Food quality and Health

Industrially-farmed Atlantic salmon is marketed as a so-called super food, but it is not good for you. We know that 200g of farmed salmon contains more fats than a Big Mac and medium fries. Factors of greatest concern include:

  • Ethoxyquin (pesticide/herbicide and preservative banned in Europe since 2017) added to fish food to control combustion in transport
  • Use of antibiotics to manage disease in high-density pens
  • High levels of omega 6 fatty acids compared with wild-caught salmon
  • Use of industrial astaxanthin to colour the salmon flesh orange

For more information on this, and the impact of salmon farming on stocks of Antarctic Krill, see our Salmon Farming Methods page.

There are ethical alternatives – read on!

What is Ethoxyquin? Why do they use it?

  • A fish feed additive banned in the European Union out of concerns for health impacts in animals and humans (specifically long living reproductive mammals) has been found in Tasmanian salmon at concerning levels, say experts who are calling for tighter regulations.
  • The compound, a synthetic antioxidant, was developed by Monsanto in the 1950s. It has been used to prevent fish meal from spontaneously combusting while being transported at sea.

What about antibiotics? How do the fish farms control diseases?

Antibiotics - This is Fine?

What about fatty acids?

  • Typically, wild salmon have fewer calories, saturated fat and vitamins A and D than farmed salmon, but contain more protein.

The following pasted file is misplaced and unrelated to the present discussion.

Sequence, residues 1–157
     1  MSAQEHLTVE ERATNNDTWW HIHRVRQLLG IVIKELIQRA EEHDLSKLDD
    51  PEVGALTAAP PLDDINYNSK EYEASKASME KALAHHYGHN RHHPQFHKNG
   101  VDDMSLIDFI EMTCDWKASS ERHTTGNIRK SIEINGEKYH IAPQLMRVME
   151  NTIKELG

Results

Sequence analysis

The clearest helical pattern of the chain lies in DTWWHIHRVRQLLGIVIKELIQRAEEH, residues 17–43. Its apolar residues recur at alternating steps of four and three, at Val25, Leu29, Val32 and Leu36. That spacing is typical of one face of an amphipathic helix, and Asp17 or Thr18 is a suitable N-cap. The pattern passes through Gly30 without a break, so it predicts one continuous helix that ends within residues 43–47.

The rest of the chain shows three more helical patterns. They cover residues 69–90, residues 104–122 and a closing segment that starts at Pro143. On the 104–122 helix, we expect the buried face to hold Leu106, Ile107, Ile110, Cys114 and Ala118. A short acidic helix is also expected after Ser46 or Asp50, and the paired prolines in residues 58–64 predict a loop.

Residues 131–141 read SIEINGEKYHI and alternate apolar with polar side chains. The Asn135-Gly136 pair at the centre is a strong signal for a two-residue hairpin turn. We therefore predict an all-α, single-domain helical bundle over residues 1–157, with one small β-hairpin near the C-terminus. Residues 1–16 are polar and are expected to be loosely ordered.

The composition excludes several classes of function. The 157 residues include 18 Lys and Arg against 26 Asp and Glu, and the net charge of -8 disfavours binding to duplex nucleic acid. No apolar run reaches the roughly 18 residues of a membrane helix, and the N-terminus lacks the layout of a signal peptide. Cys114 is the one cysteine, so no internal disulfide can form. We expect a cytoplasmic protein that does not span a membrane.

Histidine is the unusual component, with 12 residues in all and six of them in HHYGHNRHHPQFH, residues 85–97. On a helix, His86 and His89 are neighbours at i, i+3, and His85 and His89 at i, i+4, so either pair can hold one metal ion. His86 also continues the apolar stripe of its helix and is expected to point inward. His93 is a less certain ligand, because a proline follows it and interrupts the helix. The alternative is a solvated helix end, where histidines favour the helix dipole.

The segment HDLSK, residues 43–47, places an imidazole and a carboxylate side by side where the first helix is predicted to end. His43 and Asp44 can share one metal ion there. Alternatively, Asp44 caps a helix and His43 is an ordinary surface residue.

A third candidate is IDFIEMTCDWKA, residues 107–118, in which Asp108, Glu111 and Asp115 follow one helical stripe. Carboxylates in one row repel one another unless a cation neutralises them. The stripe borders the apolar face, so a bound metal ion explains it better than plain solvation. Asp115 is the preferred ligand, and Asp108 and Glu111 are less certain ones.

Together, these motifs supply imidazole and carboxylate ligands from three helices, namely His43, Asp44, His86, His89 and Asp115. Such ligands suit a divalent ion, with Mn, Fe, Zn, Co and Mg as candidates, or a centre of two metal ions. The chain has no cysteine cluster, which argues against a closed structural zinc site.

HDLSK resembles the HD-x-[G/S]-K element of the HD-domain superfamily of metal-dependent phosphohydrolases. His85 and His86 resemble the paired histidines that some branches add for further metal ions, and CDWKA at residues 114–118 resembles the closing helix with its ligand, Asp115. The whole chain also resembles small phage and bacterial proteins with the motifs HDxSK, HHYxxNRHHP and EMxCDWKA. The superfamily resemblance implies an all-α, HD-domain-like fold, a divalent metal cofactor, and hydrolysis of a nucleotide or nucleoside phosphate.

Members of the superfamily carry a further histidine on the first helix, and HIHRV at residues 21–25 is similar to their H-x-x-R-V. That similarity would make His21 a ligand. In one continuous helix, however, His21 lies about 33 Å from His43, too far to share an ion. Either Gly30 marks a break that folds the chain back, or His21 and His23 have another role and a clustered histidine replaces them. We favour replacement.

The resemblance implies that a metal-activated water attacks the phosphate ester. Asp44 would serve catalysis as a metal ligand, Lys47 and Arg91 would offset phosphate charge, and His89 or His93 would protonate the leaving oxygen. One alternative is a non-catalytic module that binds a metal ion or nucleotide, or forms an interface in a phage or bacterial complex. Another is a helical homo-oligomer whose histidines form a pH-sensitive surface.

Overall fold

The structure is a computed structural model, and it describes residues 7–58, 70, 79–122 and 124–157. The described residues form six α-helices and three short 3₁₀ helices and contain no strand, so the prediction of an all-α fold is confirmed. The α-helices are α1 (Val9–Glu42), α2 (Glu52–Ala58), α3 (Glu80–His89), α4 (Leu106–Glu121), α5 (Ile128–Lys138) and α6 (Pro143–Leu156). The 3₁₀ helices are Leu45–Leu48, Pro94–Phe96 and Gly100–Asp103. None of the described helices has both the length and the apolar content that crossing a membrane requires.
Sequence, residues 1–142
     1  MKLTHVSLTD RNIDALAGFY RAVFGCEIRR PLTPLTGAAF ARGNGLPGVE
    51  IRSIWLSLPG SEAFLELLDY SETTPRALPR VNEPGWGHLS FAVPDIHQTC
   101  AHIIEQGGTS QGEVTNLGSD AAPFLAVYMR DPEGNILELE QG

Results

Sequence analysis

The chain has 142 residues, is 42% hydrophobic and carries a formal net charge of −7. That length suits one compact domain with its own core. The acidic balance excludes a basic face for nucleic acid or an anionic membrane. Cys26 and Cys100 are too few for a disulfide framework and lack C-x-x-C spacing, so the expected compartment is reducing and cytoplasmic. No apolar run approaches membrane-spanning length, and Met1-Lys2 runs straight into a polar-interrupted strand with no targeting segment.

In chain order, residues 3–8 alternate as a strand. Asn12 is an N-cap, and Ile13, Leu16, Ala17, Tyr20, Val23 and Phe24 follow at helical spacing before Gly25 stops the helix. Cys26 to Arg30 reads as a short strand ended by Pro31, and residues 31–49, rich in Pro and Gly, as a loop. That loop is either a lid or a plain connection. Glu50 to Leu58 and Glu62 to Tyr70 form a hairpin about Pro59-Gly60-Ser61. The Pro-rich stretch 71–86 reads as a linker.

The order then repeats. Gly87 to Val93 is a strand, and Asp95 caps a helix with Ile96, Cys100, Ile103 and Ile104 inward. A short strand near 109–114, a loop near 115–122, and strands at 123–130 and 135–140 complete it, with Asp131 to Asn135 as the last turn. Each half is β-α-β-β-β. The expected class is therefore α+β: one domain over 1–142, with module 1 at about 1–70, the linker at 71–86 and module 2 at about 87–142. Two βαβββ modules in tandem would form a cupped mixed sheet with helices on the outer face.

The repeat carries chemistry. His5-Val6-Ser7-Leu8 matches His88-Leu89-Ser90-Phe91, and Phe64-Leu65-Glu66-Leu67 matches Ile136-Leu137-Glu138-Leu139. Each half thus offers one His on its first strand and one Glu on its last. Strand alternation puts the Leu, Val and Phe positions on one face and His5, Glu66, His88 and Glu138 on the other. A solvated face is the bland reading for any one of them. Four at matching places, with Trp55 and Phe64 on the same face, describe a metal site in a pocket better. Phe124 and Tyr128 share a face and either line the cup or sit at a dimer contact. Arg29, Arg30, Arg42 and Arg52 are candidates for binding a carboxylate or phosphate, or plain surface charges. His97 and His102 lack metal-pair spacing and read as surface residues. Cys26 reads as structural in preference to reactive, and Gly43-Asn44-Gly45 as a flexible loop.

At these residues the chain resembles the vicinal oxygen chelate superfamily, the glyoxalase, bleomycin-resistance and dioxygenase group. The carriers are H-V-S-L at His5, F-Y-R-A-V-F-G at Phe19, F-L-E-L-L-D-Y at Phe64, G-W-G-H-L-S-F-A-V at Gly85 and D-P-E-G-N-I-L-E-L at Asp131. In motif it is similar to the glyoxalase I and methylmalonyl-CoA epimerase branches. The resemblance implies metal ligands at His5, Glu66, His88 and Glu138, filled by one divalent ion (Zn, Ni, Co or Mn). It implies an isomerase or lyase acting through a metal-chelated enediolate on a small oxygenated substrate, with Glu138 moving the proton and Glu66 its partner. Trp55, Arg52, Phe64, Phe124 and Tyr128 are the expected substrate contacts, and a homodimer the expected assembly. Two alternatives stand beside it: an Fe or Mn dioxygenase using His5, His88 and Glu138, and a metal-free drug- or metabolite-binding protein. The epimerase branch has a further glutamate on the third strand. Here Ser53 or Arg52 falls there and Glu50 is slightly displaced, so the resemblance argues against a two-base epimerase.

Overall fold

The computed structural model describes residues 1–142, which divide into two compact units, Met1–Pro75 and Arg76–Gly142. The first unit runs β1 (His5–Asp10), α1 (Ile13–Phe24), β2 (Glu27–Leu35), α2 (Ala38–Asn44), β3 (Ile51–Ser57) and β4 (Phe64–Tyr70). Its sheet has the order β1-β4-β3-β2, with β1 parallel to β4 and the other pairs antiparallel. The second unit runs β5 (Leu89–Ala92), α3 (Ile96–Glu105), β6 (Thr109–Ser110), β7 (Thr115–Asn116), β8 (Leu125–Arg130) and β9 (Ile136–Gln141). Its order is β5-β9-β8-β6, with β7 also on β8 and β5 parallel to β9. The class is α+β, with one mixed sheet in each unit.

• Wild salmon meat has an approximately equal amount of omega 6 to omega 3 fatty acid content. In farmed salmon, however, the fatty acid ratio is skewed, with omega 6 much higher than omega 3 fatty acid levels. Omega 6 fatty acid is already overabundant in western diets, especially high in processed foods, and considered by some nutritionists to be unhealthy for humans.

More detail at Healthline and Harvard Medical School.

You are what you eat - This is Fine?

Is it true that farmed salmon are fed artificial dyes to improve their colour?

Used to manage colour in farmed salmon
Used to manage colour in farmed salmon
  • Wild salmon eat a lot of shellfish high in a carotenoid called astaxanthin, which gives them their orange colour. Farmed fish food, as well as wild fish meal, contains increasing proportions of meat, chicken and blood meal, poultry oil, vegetables, vitamins and minerals, which turns the salmon flesh grey. So salmon companies include synthetic astaxanthin in fish feed to produce the orange colour salmon eaters expect.

Support us in stopping this harm!